“The trumpet of the jubilee.”—Leviticus 15:9
My soul, pause over the subject of the jubilee trumpet; for surely much of gospel was proclaimed by it. It should seem that there were four distinct and special sounds of the trumpet in the camp of Israel. The trumpet of memorials, so called, (Levit. 23:24.) was blown on the occasion of the new moon, calling the people to the joyful assembly, Psalm lxxxi. 3. There was also the fast trumpet of which the prophet speaks, Joel ii. 1. Besides these, the war trumpet gave a certain sound to prepare to battle, 1 Cot. 14:8. And this of the jubilee, which differed from all. And although the jubilee trumpet was never heard but once in fifty years, yet so sweet and so distinguishing was the sound, that no poor captive among the servants in the camp of Israel, was at a moment’s loss to understand its gracious meaning. Say, my soul, is not the gospel sound, when first heard by the ear of faith, precisely the same? When pardon was first proclaimed to thee by the blood of Christ, and the day of his atonement so manifested to thy spiritual senses, that the captivity of sin and Satan lost their power upon thee, was not this indeed the jubilee trumpet, and the acceptable year of the Lord? Hast thou heard this joyful sound? Hath the Son of God made thee free? Hath Jesus caused thee to return to thy long-lost, longforfeited inheritance? And wilt thou never forget the unspeakable mercy? Hail, thou Almighty Deliverer, thou Redeemer of thy captives! I had sold my possession, sold myself for nought; and thou hast redeemed it for me again without money. I had sold it, indeed, but could not alienate it for ever, because the right of redemption was with thee. Yes, blessed Jesus, thou art he whom thy brethren shall praise. Thou art the next of kin, the nearest of all relations, and the dearest of all brothers. And thou hast redeemed both soul and body, both lands and inheritance by thy blood; and so redeemed the whole, as never more to be lost again, or forfeited for ever. And now, Lord, thy jubilee trumpet sounds; and the proclamation of the everlasting gospel is heard in our land, to give liberty to the captive, sight to the blind, to bring the prisoners out of the prison, and them that sit in darkness out of the prison-house. Oh, cause me to know the joyful sound, and daily to walk in the light of thy countenance. Cause me, by the sweet influences of thy Spirit, to live in the constant expectation of the year of the everlasting jubilee, when the trumpet of the archangel shall finally sound, and all thy redeemed shall then return to Zion with songs, and everlasting joy upon their heads; when they shall obtain joy and gladness, and sorrow and sighing shall flee away. Hallelujah.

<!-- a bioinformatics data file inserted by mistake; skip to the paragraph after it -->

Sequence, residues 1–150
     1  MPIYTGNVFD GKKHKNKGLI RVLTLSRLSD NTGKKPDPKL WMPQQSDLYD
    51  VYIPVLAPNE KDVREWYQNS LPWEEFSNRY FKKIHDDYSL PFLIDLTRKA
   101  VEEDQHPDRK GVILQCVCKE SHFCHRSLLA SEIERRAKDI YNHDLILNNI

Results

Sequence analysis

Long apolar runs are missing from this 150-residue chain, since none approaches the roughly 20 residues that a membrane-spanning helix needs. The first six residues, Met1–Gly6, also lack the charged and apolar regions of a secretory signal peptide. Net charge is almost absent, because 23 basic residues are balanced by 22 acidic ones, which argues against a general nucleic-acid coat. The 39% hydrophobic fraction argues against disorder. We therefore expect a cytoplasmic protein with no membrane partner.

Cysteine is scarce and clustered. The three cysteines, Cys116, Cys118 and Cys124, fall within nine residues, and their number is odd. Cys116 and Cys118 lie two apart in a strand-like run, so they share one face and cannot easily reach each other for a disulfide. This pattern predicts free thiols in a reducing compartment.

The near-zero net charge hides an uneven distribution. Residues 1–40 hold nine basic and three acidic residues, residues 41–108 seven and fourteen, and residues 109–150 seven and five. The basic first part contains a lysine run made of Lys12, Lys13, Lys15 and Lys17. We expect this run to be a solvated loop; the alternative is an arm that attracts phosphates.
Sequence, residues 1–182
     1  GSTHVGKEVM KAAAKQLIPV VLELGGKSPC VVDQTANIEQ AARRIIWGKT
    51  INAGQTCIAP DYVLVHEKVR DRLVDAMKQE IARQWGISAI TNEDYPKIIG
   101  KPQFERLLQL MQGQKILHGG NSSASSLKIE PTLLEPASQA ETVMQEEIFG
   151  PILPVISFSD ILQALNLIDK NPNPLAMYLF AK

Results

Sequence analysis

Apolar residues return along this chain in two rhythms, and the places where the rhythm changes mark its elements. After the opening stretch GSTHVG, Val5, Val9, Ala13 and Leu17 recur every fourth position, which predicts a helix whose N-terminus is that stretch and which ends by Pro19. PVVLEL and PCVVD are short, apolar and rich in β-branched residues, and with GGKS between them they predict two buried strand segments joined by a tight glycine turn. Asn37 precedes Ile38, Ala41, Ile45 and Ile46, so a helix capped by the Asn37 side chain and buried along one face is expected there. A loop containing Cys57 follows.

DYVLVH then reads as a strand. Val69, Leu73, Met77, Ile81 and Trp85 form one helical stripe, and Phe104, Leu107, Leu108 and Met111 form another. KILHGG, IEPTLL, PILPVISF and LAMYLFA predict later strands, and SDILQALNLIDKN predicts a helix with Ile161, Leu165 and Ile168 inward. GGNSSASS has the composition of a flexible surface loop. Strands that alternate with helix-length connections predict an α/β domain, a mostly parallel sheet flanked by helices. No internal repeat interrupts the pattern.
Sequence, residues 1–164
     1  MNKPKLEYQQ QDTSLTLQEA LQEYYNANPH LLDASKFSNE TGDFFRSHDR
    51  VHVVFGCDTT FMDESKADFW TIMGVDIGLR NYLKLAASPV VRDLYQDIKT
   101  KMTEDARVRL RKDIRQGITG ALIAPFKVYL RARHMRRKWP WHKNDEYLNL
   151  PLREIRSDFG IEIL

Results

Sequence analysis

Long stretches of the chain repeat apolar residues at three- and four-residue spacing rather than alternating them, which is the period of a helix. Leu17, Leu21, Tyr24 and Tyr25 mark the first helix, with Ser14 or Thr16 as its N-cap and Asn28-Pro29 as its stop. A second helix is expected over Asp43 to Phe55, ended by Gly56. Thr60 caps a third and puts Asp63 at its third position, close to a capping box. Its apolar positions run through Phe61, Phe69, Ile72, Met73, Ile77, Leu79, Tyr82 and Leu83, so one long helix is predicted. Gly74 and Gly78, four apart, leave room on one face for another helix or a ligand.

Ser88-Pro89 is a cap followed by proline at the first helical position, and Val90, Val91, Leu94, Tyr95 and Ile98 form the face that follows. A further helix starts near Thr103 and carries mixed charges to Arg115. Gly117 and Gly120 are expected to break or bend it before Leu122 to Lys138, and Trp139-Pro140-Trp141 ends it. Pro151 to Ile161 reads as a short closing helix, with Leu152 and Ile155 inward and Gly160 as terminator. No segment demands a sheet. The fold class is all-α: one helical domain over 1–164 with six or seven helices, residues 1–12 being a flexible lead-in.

Robert Hawker (1753-1827) was an Anglican (High-Calvinist) preacher who served as Vicar of Charles Church, Plymouth. John Hazelton wrote of him:
“The prominent features…in Robert Hawker's testimony…was the Person of Christ….Dr. Hawker delighted to speak of his Lord as "My most glorious Christ.” What anxious heart but finds at times in the perusal of the doctor's writings a measure of relief, a softening, and a mellowing? an almost imperceptible yet secret and constraining power in leading out of self and off from the misery and bondage of the flesh into a contemplation of the Person and preciousness of Christ as "the chiefest among ten thousand and the altogether lovely." Christ and Him crucified was emphatically the burden of his song and the keynote of his ministry. He preached his last sermon in Charles Church on March 18th, 1827, and on April 6th he died, after being six years curate and forty-three years vicar of the parish. On the last day of his life he repeated a part of Ephesians 1, from the 6th to the 12th verses, and as he proceeded he enlarged on the verses, but dwelt more fully on these words: "To the praise of His glory Who first trusted in Christ." He paused and asked, "Who first trusted in Christ?" And then made this answer: "It was God the Father Who first trusted in Christ."